Israeli family of four and three children detained in Turkey

Jewish family from US, Australia and UK held after crossing into Syria near Turkish border Read more

An Israeli couple, family of five, who were detained for the past week in Turkey have been released.

Myriam and Mahboub Awad, an American, Australian and UK citizen, along with their three young children, had crossed the border illegally from Syria into Turkey on Sunday.

The home front security service, known as the Gendarmerie, detained the family in an operation that lasted seven hours. The family was held at a border police camp until Monday morning, when they were taken to a commercial court near Izmir to be presented before a judge, according to the Gendarmerie. They were released shortly after.

“All the charges against us are untrue,” myriam Awad told the Guardian by phone, from Izmir. “We are all returning home with minor injuries – swollen arms and legs, leg injuries.”

Maha Awad, the family’s sister-in-law, said: “It’s something that has to do with them being obviously illegal, but in the end we are all human. We are hoping to be back in Israel tomorrow.”

The family had arrived in Turkey earlier this month, visiting relatives in Izmir before crossing into Syria. The family was granted a Turkish visa for a month and two days, but did not declare their Israeli citizenship and continued to travel illegally.

Asked why the family chose to cross into Syria from Turkey, Malak Awad said: “I don’t think they understand why they crossed into Syria. They crossed legally in Turkey but illegally in Syria, and we are human beings.”

Afraid of entering and being detained in Israel, the family had to enter Turkey before the official border. They tried twice to enter Israel from Syria, but the border was closed, yet they made it into Turkey.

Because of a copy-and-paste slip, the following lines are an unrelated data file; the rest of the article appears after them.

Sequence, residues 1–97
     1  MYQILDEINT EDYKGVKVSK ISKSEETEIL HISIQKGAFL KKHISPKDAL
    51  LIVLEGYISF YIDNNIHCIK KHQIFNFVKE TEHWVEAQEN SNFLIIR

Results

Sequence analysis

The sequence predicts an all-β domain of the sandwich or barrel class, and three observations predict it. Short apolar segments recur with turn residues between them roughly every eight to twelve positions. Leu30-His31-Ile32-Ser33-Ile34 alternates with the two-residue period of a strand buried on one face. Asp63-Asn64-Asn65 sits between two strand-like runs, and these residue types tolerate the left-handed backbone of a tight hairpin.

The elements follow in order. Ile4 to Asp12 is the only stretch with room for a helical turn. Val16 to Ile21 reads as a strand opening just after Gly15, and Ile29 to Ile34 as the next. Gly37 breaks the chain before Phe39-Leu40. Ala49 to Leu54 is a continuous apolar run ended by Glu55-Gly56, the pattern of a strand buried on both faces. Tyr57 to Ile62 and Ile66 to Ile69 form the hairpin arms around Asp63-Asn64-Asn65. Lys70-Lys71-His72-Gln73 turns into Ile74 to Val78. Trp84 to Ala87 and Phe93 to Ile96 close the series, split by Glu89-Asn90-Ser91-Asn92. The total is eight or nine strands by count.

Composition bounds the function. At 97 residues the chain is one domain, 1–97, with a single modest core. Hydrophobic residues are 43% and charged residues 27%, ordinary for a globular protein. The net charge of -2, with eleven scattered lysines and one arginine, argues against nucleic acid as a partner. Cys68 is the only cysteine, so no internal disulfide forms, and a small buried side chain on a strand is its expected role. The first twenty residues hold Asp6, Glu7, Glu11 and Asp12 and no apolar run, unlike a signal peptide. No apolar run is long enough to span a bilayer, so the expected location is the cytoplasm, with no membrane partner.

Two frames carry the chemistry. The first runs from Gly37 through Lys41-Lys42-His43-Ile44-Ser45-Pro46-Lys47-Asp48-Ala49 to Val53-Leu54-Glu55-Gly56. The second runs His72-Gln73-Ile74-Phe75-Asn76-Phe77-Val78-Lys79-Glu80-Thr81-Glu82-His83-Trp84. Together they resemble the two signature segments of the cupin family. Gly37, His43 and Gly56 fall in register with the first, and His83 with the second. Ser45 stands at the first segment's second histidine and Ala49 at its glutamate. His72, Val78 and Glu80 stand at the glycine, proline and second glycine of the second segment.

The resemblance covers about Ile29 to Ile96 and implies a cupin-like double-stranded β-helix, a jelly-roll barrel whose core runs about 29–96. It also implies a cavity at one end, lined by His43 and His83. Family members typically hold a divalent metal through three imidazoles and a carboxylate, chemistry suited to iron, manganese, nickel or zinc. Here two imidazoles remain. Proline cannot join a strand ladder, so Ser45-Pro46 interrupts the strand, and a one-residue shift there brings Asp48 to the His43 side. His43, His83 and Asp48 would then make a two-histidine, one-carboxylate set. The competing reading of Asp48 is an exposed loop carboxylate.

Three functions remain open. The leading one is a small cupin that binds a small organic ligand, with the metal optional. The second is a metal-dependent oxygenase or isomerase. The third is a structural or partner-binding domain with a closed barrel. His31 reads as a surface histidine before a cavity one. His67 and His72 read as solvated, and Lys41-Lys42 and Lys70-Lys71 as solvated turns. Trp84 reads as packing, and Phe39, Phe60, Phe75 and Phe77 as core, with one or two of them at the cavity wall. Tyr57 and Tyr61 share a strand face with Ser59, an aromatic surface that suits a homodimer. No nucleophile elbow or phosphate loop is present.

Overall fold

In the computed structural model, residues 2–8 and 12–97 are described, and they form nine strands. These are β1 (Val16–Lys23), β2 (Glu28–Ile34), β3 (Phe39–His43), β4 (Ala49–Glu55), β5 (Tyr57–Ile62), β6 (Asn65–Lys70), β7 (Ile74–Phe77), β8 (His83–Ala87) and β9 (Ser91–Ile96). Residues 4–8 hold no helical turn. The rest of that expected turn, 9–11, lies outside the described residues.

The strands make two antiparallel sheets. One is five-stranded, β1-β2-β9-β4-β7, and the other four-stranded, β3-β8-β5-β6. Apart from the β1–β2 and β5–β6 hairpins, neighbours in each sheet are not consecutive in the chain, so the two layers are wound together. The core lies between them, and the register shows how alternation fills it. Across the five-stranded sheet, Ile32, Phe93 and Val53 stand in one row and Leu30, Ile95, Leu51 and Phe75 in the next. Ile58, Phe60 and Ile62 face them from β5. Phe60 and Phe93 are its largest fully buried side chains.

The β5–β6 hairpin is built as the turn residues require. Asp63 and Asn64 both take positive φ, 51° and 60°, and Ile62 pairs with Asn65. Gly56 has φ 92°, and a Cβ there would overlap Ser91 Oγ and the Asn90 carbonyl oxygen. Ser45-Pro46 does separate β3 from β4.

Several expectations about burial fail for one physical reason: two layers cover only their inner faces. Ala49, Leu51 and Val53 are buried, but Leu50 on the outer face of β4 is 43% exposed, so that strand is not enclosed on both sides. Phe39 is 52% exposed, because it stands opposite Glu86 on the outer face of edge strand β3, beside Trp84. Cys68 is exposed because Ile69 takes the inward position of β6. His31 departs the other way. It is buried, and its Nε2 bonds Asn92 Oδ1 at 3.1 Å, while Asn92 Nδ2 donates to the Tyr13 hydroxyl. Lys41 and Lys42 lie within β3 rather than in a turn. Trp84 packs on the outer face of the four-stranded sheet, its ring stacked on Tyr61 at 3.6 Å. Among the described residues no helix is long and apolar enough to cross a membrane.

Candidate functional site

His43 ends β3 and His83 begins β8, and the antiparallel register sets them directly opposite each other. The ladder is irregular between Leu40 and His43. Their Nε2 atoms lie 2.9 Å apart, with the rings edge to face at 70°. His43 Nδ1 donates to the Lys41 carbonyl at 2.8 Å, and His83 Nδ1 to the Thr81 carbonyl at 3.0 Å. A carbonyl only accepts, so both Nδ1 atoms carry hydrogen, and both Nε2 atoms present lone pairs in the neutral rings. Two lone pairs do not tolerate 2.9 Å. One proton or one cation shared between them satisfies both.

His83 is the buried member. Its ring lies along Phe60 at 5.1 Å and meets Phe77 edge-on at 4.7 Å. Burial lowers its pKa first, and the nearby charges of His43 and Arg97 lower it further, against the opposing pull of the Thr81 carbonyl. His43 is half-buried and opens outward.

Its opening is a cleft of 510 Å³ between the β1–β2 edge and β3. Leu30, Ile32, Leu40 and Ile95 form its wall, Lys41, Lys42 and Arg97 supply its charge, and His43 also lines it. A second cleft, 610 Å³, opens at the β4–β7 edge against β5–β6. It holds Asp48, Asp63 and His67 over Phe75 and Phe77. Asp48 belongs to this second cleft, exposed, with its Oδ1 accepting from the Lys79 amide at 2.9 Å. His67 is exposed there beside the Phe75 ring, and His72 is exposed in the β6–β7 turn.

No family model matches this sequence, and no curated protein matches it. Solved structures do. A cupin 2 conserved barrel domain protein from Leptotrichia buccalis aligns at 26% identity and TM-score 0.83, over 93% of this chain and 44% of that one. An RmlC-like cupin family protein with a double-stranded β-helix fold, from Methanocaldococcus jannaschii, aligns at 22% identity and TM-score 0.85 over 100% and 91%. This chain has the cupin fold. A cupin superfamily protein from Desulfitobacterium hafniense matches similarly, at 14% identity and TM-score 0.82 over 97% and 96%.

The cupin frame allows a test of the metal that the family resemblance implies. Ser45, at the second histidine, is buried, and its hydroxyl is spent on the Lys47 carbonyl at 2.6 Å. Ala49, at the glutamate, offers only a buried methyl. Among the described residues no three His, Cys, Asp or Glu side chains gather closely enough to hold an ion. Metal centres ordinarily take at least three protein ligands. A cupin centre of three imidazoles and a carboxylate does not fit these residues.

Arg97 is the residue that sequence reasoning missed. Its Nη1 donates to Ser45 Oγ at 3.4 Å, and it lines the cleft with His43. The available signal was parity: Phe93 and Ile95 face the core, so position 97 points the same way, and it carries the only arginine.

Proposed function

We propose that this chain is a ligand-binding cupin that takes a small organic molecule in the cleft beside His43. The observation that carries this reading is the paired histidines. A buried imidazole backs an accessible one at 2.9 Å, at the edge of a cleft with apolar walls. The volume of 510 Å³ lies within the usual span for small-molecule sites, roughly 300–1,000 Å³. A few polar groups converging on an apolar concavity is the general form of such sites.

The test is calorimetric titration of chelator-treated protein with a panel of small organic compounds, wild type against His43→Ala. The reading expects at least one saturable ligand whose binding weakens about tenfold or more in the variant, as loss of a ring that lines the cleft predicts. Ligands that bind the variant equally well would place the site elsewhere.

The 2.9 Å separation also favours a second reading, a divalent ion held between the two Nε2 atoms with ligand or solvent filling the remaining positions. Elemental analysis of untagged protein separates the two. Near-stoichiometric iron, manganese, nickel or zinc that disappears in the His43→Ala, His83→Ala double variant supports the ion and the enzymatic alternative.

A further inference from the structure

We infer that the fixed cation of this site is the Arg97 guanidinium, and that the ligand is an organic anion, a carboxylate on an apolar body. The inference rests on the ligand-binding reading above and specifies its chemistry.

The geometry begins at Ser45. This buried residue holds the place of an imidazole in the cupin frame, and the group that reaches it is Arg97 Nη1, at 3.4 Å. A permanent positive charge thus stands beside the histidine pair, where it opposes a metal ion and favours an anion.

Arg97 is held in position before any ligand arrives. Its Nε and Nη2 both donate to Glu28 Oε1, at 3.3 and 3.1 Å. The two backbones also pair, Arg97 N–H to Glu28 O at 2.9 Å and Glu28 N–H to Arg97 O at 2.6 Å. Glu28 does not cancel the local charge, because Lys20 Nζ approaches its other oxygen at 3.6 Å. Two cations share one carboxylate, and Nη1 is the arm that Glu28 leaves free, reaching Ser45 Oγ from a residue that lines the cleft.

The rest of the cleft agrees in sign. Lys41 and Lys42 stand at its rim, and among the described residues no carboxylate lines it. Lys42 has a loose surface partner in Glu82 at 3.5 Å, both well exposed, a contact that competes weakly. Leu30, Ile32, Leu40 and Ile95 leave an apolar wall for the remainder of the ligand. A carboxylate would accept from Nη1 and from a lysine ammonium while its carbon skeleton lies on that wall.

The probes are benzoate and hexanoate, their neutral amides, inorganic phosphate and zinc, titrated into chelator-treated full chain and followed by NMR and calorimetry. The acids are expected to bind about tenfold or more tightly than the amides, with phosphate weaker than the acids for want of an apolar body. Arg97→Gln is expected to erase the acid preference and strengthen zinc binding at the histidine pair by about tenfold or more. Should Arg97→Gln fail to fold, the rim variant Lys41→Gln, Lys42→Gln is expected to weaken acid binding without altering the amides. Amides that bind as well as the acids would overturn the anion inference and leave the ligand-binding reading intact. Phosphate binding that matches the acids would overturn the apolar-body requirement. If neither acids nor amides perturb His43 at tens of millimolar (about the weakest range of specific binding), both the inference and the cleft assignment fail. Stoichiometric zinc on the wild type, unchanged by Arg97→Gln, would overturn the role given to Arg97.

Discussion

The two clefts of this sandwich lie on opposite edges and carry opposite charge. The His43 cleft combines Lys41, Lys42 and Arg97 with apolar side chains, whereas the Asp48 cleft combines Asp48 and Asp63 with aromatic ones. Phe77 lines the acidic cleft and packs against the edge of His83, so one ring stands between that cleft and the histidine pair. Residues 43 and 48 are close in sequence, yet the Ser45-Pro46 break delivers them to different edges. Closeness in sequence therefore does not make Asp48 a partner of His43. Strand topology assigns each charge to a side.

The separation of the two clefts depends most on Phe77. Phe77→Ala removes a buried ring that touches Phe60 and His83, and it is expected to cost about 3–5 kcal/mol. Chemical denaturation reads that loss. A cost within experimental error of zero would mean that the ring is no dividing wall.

The couple has lived in Israel for the past 40 years. In 1980, when they were 17, they immigrated to Israel from Saudi Arabia with their seven brothers and sisters. After living and working for some years in Eilat and in Tel Aviv, they came to the UK in 2005, to join their father, Saeed, who previously worked in Nottingham for United Kingdom Airports Authority, he said.

They were delighted to be able to come to Israel again because they thought that was the time to have kids, Malak said. “I always thought maybe another three,” she said.

Myriam remained at her parent’s home in the UK, while the couple and the children moved in 2016 to Tel Aviv.

Israeli prison held 10 Palestinian teens, including one girl, and 20 inmates whose cases have been classified as political in nature in recent months, following protests against the release of hundreds of prisoners under a peace plan.

Twenty of the 20 prisoners have been serving sentences for more than 10 years. Israeli law allows the detention of individuals who pose a security threat for up to 20 years.

According to the NIS [Israel Prison Service] website, six of the 20 are on parole conditions, one in a closed unit and seven are on home detention for social reasons. The third is at the prison hospital.

The Israeli government has claimed that none of the detainees are connected to Hamas.

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